MDI Obtains Permanent Injunction Barring Unlicensed Malpractice Sales

September 17, 2003

A Cole Co. Circuit Court judge has granted the Missouri Department of Insurance (MDI) a permanent injunction that prohibits a Virgin Islands-based insurer from soliciting or making medical malpractice sales until it has a proper license or otherwise meets Missouri legal requirements.

MDI sought the order in June against Security Trust Insurance Co., Ltd. and its affiliate Ameristar Ltd., after both the St. Louis Metropolitan Medical Society and a Kansas City company began promoting the insurer’s medical malpractice plans to hundreds of Missouri doctors.

“When lines of business like medical malpractice are having both affordability and accessibility problems, consumers like doctors may find it extremely tempting to buy coverage, often at rock-bottom prices, from unauthorized companies,” said Scott Lakin, the MDI director.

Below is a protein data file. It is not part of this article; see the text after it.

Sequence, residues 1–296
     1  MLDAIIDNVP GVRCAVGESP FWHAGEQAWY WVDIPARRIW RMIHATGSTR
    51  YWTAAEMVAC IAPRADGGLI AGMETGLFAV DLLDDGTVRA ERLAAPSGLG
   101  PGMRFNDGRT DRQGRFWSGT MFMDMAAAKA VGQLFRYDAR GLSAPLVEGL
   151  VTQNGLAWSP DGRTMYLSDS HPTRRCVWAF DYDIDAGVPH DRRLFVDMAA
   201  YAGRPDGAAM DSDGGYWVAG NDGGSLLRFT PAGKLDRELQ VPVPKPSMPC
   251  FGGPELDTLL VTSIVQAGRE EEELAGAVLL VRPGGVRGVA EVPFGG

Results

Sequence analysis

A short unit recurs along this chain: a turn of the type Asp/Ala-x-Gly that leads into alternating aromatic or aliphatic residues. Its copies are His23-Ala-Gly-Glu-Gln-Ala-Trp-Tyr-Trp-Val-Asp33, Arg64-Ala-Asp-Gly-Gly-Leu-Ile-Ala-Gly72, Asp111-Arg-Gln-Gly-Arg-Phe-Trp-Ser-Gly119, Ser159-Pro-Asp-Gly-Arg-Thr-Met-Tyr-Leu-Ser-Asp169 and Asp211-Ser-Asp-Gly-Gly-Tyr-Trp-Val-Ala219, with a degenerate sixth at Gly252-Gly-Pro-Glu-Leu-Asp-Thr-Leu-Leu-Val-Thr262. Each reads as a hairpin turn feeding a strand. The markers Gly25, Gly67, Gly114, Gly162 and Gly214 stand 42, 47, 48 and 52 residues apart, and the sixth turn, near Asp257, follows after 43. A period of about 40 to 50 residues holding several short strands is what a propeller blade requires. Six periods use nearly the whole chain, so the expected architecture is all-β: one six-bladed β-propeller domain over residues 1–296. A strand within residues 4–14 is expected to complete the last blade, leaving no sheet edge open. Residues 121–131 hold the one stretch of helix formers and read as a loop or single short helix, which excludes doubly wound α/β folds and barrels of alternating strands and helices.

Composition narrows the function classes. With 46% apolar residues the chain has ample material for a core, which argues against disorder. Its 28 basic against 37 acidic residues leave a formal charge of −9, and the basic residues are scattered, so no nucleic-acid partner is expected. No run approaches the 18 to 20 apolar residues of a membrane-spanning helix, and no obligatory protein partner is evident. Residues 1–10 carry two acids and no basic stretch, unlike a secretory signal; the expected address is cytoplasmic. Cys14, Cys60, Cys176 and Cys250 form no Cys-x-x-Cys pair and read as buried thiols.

“In this instance, MDI investigators found that doctors had submitted applications for insurance, but fortunately no policies had been sold before the department took legal action last June. Our first responsibility is to make sure that consumers are protected by limiting the Missouri market only to legitimate insurers that are properly regulated on their ability to pay claims.”

Security Trust and Ameristar agreed to the permanent injunction. Cole Co. Circuit Court Judge Richard Callahan’s order prohibits any insurance sales by the concerns until:

They obtain a Missouri insurance license; or
They become authorized Missouri “surplus lines” carriers, which requires them to first obtain licenses in the U.S. Virgin Islands, their domiciliary jurisdiction, and demonstrate they have the financial ability to pay claims. The companies are not licensed in the Virgin Islands, although they have been trying to do so.

Besides the St. Louis Metropolitan Medical Society, Security Trust/Ameristar coverage was promoted by the Kansas City Physicians Organization, a private venture.

MDI continues its investigation of licensees that were involved in the case.

Also named in the permanent injunction were the American Association of Healthcare Practitioners and Palladium International, New England-based enterprises that were part of the Internet sales apparatus for the operations.

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